Creative Writing

Student Arts Grants: A Year in Photos 2016-17

This year’s Student Arts Grants supported a wide range of projects across the Stanford campus. The projects covered many genres including devised performance, contemporary dance, printmaking, classical and contemporary plays, documentary and fiction film shorts, musical theater, painting, photography, and more. Many of this year’s grantees utilized the new Roble Arts Gym as a rehearsal/work space as…

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On writing and identity: an interview with author and professor Chang-rae Lee

In the fall of 2016, acclaimed author Chang-rae Lee joined Stanford as the Ward W. and Priscilla B. Woods Professor in the English Department and Creative Writing Program. He was previously at Princeton University as a creative writing professor and director of their Program in Creative Writing. Lee moved with his family from South Korea…

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2017 Student Submitted Artwork

Sign up for the ArtsUpdate Weekly Student Newsletter to submit your own artwork and receive events and opportunities in your email!   Vanishing Act II; Mixed Media by Noah DeWald ’20 Untitled; photo- Harrison Truong, ’13 Untitled; Oil Paint on Canvas by Meg McNulty ’20 Two Pieces of red cloths; photo- Liang Zhang ’19 Submersion;…

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Author Junot Díaz promotes community activism, fight against oppression in lecture at Stanford

Pulitzer Prize-winning author and activist Junot Díaz encouraged people of color, undocumented immigrants and other minority group members to stick together and help each other during a turbulent political climate as part of his lecture Wednesday evening at Stanford. “We must steal fire because we must transform this world that conserves and hoards fire for…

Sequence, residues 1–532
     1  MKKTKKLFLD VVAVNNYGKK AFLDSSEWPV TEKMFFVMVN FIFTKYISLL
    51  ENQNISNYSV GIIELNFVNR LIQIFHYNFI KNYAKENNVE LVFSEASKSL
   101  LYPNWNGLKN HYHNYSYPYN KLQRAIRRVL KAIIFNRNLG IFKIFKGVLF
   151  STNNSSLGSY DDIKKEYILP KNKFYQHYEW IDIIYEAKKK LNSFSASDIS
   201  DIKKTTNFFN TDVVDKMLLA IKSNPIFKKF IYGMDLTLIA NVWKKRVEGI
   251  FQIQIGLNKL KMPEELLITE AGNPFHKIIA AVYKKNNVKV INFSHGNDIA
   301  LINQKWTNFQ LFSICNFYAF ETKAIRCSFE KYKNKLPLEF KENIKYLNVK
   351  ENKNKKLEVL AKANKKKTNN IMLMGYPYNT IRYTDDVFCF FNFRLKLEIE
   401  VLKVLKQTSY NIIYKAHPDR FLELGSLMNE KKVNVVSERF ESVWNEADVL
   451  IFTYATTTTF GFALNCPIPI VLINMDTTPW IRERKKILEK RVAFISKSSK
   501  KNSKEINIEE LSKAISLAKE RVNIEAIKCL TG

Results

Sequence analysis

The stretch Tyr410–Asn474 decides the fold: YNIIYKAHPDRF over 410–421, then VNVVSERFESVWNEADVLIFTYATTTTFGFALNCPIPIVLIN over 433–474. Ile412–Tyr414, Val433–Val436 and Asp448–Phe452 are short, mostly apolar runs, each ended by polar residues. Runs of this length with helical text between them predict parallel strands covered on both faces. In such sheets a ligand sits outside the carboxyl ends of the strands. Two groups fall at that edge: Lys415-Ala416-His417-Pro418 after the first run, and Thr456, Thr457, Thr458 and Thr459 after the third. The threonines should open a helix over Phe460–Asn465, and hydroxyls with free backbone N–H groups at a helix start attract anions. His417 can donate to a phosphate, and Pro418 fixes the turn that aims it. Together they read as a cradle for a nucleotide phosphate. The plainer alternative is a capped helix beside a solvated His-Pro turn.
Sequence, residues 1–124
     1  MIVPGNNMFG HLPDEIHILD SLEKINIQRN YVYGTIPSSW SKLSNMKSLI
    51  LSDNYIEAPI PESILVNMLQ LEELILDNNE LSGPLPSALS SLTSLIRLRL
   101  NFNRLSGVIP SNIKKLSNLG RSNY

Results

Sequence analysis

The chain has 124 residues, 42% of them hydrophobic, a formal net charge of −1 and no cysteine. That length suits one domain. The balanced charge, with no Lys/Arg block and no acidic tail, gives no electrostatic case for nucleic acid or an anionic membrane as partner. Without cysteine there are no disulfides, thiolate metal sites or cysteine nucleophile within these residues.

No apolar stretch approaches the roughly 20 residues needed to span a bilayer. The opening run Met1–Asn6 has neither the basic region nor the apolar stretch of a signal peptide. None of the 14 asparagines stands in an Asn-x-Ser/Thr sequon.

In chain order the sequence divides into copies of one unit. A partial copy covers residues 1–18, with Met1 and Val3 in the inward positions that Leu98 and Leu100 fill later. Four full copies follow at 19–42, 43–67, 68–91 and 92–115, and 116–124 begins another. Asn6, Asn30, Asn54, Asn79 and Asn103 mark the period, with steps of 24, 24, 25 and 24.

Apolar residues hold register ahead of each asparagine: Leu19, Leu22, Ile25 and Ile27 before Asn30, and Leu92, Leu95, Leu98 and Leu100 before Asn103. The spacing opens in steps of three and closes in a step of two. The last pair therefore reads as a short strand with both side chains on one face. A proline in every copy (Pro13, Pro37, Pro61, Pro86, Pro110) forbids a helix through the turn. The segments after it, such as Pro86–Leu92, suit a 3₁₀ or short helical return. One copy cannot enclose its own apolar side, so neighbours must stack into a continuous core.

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Good books, like teachers, acknowledge children’s lives, says author Jacqueline Woodson

In her National Book Award-winning verse autobiography, Brown Girl Dreaming, Jacqueline Woodson writes that she was a slow reader, an exasperating student who sometimes missed the point of a teacher’s lesson. Yet by age 7, Woodson knew that she wanted to be a writer. Those two facts seem contradictory but in fact anchor her writing…

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Stanford alum’s debut novel gets National Book Critics recognition

The reaction on YAA GYASI‘s Facebook page to the news that her debut novel Homegoing  was the 2016 recipient of the National Book Critic Circle’s John Leonard Prize was swift: 379 likes; 22 comments; and 19 shares. And that was before dawn. The John Leonard Prize was established to recognize outstanding first books in any…

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Harry Elam appointed vice president for the arts and senior vice provost for education

Harry Elam, vice provost for undergraduate education at Stanford since 2010, has been appointed to two additional key leadership roles in the Office of the President and Provost. He will now oversee the non-departmental arts programs as well as direct and coordinate critical efforts in education, President Marc Tessier-Lavigne and Provost-designate Persis Drell announced Monday.…

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The NEA announced that Edgar Kunz, Stegner Fellow in Poetry, is to receive an individual creative writing fellowship